As deer farmers we work with fantastically good looking animals, often in very scenic surroundings. Most of us, if not all, have a digital camera and thus the possibility to document our work and our friends the deer. However, not many of us use the potential of our camera. It is a giant step between the beginner (as photografer) and the professional   

BUT

With a minimum of time you can improve your skills using your camera up to the level of enthusiast/semiprofessional.

If you then want to take your skills further up to a professional - well that will take years!

 

On this side we will try to give some simple tips on how to take good photos of deer and other animals. As webmaster for a number of websites about deer farming I get a lot of photos from members who want them published. Many takes really good photos, but some does not take so good ones. Modern cameras - even cheap ones - can all take good quality photos provided you can handle it. Therefore I have written down some pieces of advise below.

 

 LEARN how to handle your cameras setting possibilities = READ THE MANUAL!

 

I am looking forward to getting your new photos for publication on this website!

 

2011-05-11 // Rolf Eriksson

Focusing:

Always try to focus on the animals eye! The closer you are to the animal the more important this is.

 

Exposure program:


Choose Time Value (TV) exposure program if this i availiable on your camera.
This means that you select the shutter speed and your camera will automatically find the proper aperture.
A short shutterspeed prevents unsharp pictures due to the objects movements and usually gives a large aperture wich result in a shallow dept of field (DOF) - please se more below!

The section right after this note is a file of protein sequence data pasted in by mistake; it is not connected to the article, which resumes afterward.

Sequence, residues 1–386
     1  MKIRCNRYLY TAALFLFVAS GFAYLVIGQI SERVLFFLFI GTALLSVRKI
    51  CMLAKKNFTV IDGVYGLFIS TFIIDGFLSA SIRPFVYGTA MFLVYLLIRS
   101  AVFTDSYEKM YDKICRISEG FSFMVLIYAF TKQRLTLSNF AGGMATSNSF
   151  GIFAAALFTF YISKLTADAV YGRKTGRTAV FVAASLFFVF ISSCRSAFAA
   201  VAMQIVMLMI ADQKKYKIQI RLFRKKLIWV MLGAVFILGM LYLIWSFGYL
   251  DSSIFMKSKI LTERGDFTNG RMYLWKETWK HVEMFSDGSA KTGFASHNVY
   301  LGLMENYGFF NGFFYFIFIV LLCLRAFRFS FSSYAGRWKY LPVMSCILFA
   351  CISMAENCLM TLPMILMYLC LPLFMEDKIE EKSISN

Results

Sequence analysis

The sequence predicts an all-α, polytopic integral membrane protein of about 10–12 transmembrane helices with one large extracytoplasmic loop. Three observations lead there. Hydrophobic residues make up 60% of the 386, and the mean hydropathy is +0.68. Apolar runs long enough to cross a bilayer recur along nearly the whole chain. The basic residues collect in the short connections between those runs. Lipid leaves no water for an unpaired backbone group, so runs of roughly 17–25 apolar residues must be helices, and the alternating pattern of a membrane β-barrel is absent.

Shutter speed:


1/500 sec. or less will almost everytime give you a sharp photo without motion unsharpness.

 

 

Aperture/Iris and Dept of field (DOF):


The distance FROM and TO in between wich the objects look sharp. With higher focal lenght on your lens (= telelens) - the more shallow DOF you get.
A shallow DOF gives a nice blur to the background and the animal looks much nicer. The animal "stand out" from the background.

The larger aperture (low numbers - e.g. 2.8) the more shallow DOF you get.

The smaller aperture (high values e.g. 16) the larger DOF you get.

 

 

ISO-settings:


ISO value tells you how "fast" your camera is (how much light is needed). Compare with the old DIN or ASA.settings from the times we used film.

If you have a compact camera - use as low ISO as possible due to light conditions. 

If you have a modern system camera with exchageable lenses you don't have to worry about ISO at least up to values 1000 - 1250
Modern system cameras produce very little electronical noise.

 

 

RAW or JPG:


If you have a camera with the possibility to choose between fileformats (RAW or/and JPG) use RAW settings.

RAW means that the camera doesn't makle any alterations to the "negative".
JPG is a format where already the camera compress the picture file. This is done in a destructive way meening that parts of the information from the sensor is gone. There is no way of turning back from jpg to RAW.

 

RAW pros:

You can almost always get a god picture from even a very badly exposed photo (at least if it is underexposed).
A bad white balance (odd colours) is now problem to reset to normal colours.

RAW cons:

Size of the picture file is larger and take up more space on your disk

You need a special software to make your photo visible. Such programs follows all cameras that can use RAW file format.

 

2011-05-11 // Rolf Eriksson

Photo above:


Focus on the eye

Background with nice blur. Could even been a big more "blurry"!

 

CLICK on the photo to enlarge it!

 

© Rolf Eriksson 2008